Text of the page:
Financial Goals: The 8 Steps To A Better Financial Future

A goal is the object of a person’s effort, an aim or desired result. A goal helps align our focus and can promote a sense of self-mastery. It provides us with a vision we value and motive to achieve or to avoid failure. In the previous episode I talked about how precious time is. Our goals can keep us honest and encourage us to proactively manage our time. Many of you will have heard of the abbreviation SMART goals. Specific, Measurable, Achievable, Realistic and Timed. I believe Specific, Measurable and Timed are enough.


Personal goals can vary but some examples are, good nutrition and fitness, develop our knowledge, interests and hobbies, improve our relationships, give back to the community and try new experiences. Some examples of professional goals are to gain a new skill or qualification, build a network, secure that promotion or new job, find the right work life balance, start a new business, improve your leadership and communication skills. Many of these goals are my own goals. These goals are generic and can be used by anyone. As we drill down on what the specifics of those goals mean to each of us and how we plan to achieve them, the detail will be different. This is because each of our own circumstances are different.


When we break down our goals into small pieces, they become increasingly manageable and therefore more likely to be achieved. How do you eat an elephant? A bite at a time. The process of goal setting starts by dumping our minds on to a page. Writing down everything, even the mad thoughts. Then prioritize by importance and get specific on what needs to happen to reach those priorities.


When it comes to money, it’s no different. The goals are generic but the journey to those goals will be different for all of us. That leads us to the meat and potatoes of this week’s episode, financial goals.


The following financial goals are 8 steps in order of priority.


Step 1: Know how much your current lifestyle costs you.

Step 2: Spend less than you earn.

Step 3: Save a €1,000 starter emergency fund

Step 4: Pay off all debt (except the mortgage)

Step 5: Save 3-6 months of expenses in an emergency fund

Step 5(B): Save for a deposit on a home (if applicable)

Step 6: Pay yourself first, save for financial independence

Step 7: Save for children’s education (if applicable)

Step 8: Pay off mortgage early


Expanding on these 8 steps:


Step 1: Know how much your current lifestyle costs you.


Our lifestyles are what we spend our money on. Analyzing our past spending will allow us understand if we are spending more than we earn, less than we earn or spending what we earn. We have to treat our personal finances like a business, you Inc. The best way to do this is to add up our spending across all our accounts and subtract it from our earnings for the last 18 months. We use 18 months to be sure to capture spending beyond a year. Knowing what you earn, what you spend and planning ahead of time is the first step towards a better financial future.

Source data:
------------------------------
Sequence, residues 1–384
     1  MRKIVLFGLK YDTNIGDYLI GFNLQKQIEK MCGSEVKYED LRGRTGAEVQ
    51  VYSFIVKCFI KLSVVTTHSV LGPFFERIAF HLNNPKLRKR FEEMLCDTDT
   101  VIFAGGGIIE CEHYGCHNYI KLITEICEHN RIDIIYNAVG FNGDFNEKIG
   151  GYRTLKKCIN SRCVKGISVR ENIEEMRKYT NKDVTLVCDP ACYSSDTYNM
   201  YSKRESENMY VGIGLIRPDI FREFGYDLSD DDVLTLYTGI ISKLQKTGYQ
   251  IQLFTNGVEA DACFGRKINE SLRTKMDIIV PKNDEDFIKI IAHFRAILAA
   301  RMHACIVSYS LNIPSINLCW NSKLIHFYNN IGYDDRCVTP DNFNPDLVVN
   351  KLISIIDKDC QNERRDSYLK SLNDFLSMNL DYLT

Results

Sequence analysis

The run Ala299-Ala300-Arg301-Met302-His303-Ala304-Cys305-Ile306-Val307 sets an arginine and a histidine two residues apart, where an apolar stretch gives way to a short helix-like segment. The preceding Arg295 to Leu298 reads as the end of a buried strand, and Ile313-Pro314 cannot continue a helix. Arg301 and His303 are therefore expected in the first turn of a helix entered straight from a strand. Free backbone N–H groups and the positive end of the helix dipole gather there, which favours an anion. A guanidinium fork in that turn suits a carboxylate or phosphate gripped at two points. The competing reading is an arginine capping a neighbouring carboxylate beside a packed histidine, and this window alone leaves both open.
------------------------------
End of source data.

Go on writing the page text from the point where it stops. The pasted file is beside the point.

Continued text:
Step 2: Spend less than you earn.


Sounds simple but spending less and saving more is easier said than done. Having determined how much our lifestyles costs us in step 1, we will now know if we are spending less than we earn, spending what we earn or spending more than we earn. If we are spending what we earn or spending more than we earn a lifestyle adjustment is required. There are two options. Reduce spending or increase income. Our first port of call should be to shore up our spending. Out earning poor spending habits can be a recipe for disaster.


A written spending planner is the answer. I’m trying not to use the word budget here, everybody’s pet peeve. Unfortunately, there is no getting away from it. Mocking up a spending planner or budget is not as bad as you think. Once it is done and put into action all that will be required is tweaking it, most of the heavy lifting will be done. Budgeting as an exercise can reveal a lot. We may be surprised by how much we spend in certain areas. If we are spending what we earn or spending more than we earn the adjustment can be painful in the short term but is necessary to set us up for financial success in the long term. Contrary to popular belief, budgeting is not used to restrict spending but to put us in control of our spending by being proactive and planning ahead of time. Futureproofing our money by giving every euro a job. When building wealth there is no indicator more important than your savings rate. It is ground zero from which to build. I would go so far as to say Step 1 & 2 are 80% of the power behind building wealth. Because we were never told this, many of us spend more than we earn by going into debt. Episode 4 and 5 will cover financial organization and debt in more detail.


Step 3: Save a €1,000 starter emergency fund.


Once you are spending less than you earn, build this emergency fund as quickly as you can. Keep this money in an accessible savings account and preferably out of sight so you are not tempted to spend it. An emergency fund is to be used for the unexpected, when life happens. An example of this is a medical emergency, accident, car or home repair. Essentially anything that is unforeseen. It does not include less frequent spending such as insurance, gifts, occasions or holidays etc. The emergency fund is to buffer us against using part of our paychecks for life’s unknown events.


Step 4: Pay off all debt (except the mortgage).


All debts, I repeat all debts! A debt is when you owe a person, company or institution money. You have borrowed from the future to spend in the present. Debt erodes the purchasing power of your paycheck. Debt is the enemy of your financial success. Again, episode 5 will deal with debt in more detail.